U.S. Department of Labor Cites and Fines Maine Roofing Contractor After Employee’s Fatal Fall
AUGUSTA, ME – The U.S. Department of Labor's Occupational Safety and Health Administration (OSHA) has cited Shawn D. Purvis, owner of Purvis Home Improvement Co. Inc. for egregious willful, repeat, and serious workplace safety violations. Purvis - a Saco, Maine, roofing contractor - faces a total of $1,792,726 in penalties. The enforcement action follows the death of an employee in Portland, Maine, on December 13, 2018.
OSHA inspectors found that Purvis knowingly failed to ensure the use of fall protection by his employees at the Portland worksite, and at a separate worksite in Old Orchard Beach, Maine.
Due to Purvis' knowledge of the hazard and required safeguards, along with an extensive history of violations, OSHA cited him for 13 egregious willful violations – one for each exposed employee per job site – for failing to ensure the use of fall protection. Each egregious citation carries the maximum allowable penalty of $132,598. OSHA also cited Purvis for failing to provide fall protection training to his employees, and for exposing them to electrocution and eye hazards. OSHA has cited the owner for seven violations of fall protection requirements since September 2006.
"Effective fall protection can prevent tragedies like this when an employer ensures the proper use of legally required lifesaving protection," said OSHA Area Director David McGuan, in Augusta, Maine. "An ongoing refusal to follow the law exposes other employees to potentially fatal or disabling injuries. Employers cannot evade their responsibility to ensure a safe and healthful worksite."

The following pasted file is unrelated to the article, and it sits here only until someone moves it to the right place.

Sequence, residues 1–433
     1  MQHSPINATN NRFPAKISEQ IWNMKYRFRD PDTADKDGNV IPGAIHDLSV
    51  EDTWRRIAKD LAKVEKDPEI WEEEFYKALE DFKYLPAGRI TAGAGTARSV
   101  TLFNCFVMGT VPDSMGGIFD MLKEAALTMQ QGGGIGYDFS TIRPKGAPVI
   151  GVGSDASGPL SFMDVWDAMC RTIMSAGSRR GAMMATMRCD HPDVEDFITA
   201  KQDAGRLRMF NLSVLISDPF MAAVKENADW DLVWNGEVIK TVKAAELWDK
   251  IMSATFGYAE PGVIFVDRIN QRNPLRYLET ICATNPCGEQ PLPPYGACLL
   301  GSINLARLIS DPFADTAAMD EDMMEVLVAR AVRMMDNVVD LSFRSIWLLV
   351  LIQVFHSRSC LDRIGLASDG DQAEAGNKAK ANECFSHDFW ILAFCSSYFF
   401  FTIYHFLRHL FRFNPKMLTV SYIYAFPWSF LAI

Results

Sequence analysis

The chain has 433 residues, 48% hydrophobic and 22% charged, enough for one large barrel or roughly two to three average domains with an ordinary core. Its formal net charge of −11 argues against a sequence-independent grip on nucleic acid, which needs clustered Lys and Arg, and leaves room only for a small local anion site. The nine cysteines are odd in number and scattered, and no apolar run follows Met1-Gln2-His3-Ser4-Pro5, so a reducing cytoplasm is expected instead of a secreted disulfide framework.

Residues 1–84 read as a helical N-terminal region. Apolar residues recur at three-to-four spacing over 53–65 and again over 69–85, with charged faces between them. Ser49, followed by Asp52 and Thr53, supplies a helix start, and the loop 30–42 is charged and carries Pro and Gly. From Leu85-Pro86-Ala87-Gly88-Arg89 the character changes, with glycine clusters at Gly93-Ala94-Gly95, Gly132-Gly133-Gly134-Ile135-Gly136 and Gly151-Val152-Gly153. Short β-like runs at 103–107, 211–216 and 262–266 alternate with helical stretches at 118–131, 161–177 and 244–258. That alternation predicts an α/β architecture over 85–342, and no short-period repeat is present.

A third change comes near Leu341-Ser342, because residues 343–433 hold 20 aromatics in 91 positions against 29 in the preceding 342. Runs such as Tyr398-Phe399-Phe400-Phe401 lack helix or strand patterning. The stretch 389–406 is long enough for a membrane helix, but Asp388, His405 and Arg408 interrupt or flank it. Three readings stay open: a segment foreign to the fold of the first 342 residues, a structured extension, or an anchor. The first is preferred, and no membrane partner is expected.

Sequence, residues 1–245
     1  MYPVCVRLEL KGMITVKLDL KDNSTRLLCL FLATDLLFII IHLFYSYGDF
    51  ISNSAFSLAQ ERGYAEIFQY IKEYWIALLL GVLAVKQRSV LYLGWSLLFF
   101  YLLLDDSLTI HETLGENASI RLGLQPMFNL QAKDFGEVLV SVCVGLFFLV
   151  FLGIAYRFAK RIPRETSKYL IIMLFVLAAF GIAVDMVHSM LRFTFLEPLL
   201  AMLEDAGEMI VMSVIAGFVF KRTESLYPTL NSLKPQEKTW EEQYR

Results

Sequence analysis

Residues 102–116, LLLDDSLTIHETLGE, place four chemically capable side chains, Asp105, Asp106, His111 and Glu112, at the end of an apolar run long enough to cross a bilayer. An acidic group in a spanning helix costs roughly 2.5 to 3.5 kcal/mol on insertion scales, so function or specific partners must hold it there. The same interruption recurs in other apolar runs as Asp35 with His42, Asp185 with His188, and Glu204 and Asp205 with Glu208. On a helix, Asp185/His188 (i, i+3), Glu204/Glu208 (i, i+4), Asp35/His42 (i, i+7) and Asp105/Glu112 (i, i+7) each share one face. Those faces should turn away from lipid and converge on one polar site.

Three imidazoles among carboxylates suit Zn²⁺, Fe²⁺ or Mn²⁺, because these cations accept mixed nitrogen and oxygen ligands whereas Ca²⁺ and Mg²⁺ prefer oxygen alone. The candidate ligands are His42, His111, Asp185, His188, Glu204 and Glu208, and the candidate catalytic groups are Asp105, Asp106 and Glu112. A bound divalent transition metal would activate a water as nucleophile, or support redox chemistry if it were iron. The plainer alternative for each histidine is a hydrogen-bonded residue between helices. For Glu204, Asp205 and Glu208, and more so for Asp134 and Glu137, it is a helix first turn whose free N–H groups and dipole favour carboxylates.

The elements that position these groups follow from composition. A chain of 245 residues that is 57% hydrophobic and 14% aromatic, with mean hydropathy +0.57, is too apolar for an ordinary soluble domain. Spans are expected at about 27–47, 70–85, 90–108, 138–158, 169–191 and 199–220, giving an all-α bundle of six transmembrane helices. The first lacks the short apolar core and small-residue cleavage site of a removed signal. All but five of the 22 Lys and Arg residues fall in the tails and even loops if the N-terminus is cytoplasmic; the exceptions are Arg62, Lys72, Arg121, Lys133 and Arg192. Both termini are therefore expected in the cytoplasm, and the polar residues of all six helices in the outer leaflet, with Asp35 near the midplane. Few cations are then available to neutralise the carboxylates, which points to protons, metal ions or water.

On April 5, 2019, a Portland grand jury indicted Purvis for manslaughter and workplace manslaughter, charging that his repeated violations of OSHA's fall protection standards caused his employee's death.
OSHA offers compliance assistance resources on fall hazards on the OSHA Fall Protection webpage at https://www.osha.gov/SLTC/fallprotection/.
Purvis has 15 business days from receipt of the citations and proposed penalties to comply, request an informal conference with OSHA's area director, or contest the findings before the independent Occupational Safety and Health Review Commission.
Under the Occupational Safety and Health Act of 1970, employers are responsible for providing safe and healthful workplaces for their employees. OSHA's role is to help ensure these conditions for America's working men and women by setting and enforcing standards, and providing training, education, and assistance. For more information, visit https://www.osha.gov.
Employers can find compliance assistance resources related to OSHA at https://www.osha.gov/dcsp/compliance_assistance/cas.html.